A professor speaks to a group of students sitting in the film viewing room with black and white film on the screen over his shoulder.

Back to List

New project-based course examines the history of poverty in York

Professor Corey Brooks stands at podium to give presentation.

For the past two months, students in Dr. Corey Brooks’ class have been wading through old documents and combing the internet to weave together a history of poverty in York.

You might find his students among the collections at the York County History Center, fingering through old records of the United Way of York, in a corner at the York County Archives, or hunched over a computer, searching newspaper archives online.

It’s the first semester of this new class at York College. If it goes well, Dr. Brooks’ Policy and History in York class could make a difference not only in the students who are taking it, but also in the community where they live.

More than a model

The idea for the class is based on a national organization. The National History Center in Washington, D.C., is a non-partisan group. It brings expert historians to Capitol Hill to brief policy makers and their staffs on the history of the political issues.

The organization offers a framework for a mock policy briefing for educators to use. It gave Dr. Brooks a different idea.

Instead of researching a national issue and creating theoretical histories, why not focus on a real issue affecting the community in which they live and deliver findings to local policy-makers?

“Students aren’t just learning how policy is made,” Dr. Brooks says, “they’re learning about the unique considerations that face the City of York, and I think that’s valuable.”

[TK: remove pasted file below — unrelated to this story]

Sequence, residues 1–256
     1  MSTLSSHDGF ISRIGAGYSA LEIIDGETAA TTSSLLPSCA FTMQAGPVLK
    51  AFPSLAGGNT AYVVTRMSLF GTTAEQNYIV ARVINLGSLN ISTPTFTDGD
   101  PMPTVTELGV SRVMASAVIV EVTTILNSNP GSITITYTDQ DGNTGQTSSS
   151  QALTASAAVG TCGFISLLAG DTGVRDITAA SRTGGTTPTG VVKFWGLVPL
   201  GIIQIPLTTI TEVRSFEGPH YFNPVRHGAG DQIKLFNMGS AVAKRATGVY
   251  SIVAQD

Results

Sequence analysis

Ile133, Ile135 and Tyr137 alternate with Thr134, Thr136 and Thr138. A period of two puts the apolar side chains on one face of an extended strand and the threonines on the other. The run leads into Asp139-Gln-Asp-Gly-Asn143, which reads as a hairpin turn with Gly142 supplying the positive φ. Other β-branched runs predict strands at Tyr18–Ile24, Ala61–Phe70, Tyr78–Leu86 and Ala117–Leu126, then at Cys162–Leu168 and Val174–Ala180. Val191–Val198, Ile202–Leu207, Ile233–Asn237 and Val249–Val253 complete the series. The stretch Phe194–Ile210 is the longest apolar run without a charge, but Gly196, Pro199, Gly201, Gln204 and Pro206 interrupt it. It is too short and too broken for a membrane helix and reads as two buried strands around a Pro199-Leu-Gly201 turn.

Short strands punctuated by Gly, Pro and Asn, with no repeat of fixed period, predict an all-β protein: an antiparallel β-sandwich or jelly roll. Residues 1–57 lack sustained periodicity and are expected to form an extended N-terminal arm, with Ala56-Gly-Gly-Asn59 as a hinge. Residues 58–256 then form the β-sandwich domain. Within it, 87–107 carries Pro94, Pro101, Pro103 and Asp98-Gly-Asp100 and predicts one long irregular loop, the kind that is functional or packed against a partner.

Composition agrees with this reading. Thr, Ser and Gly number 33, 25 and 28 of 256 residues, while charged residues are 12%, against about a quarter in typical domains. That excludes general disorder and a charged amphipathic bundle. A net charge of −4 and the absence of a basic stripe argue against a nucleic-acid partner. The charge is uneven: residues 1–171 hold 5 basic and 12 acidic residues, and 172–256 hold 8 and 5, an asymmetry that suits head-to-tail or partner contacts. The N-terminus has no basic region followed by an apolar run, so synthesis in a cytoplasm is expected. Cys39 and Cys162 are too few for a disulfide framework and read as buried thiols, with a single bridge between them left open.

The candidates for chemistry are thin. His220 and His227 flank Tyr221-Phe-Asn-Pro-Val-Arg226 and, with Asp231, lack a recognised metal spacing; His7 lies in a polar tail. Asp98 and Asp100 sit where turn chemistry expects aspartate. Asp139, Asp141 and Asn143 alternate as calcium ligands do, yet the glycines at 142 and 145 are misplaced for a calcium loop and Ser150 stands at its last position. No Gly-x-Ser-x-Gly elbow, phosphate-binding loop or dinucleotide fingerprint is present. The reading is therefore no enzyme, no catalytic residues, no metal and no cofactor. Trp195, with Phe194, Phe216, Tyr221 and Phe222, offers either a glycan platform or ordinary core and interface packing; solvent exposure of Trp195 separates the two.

Digging deep

Early on in the semester, experts came into the class to talk about different issues facing the city. After, the students collectively decided which issue they wanted to focus their research on.

It was no contest: Poverty was the number one issue students wanted to address. It’s a problem that’s linked to so many other challenges — from high quality education to health care to racial equity — it all comes back to poverty.

From there, they identified areas of interest and went out into the world to work.

At every turn, the students steered the ship. Dr. Brooks was there to guide and help them when necessary, but the goal of this kind of project-based learning is that it’s student driven and directed.

“This models how you conduct serious research, but then take it to solve, address, or inform a more immediate problem,” he says.

Real impact

The research won’t read like a textbook. It will be a story, woven from newspaper accounts, statistics, anecdotes, and historical policy and context.

Importantly, it will be non-partisan.

“I think if we’re going to make the most thoughtful policy decisions, we need to have an awareness of what came before,” Dr. Brooks says.

This project is doing just that — taking a focused look at poverty in York through a historical lens.

Once complete, the students will present their research to area policy-makers and community members.

“The students are going to have the ear of some people who really influence how poverty policy is made,” Dr. Brooks says.

He’s hopeful that those policy-makers will come with open-ears and may learn something from the students.

He’s hopeful that the students gain valuable professional experience as researchers.

And he’s hopeful that, if all goes well, this class won’t be a one-off, but will be repeated another semester to contextualize some other issues facing the York community through that historical lens.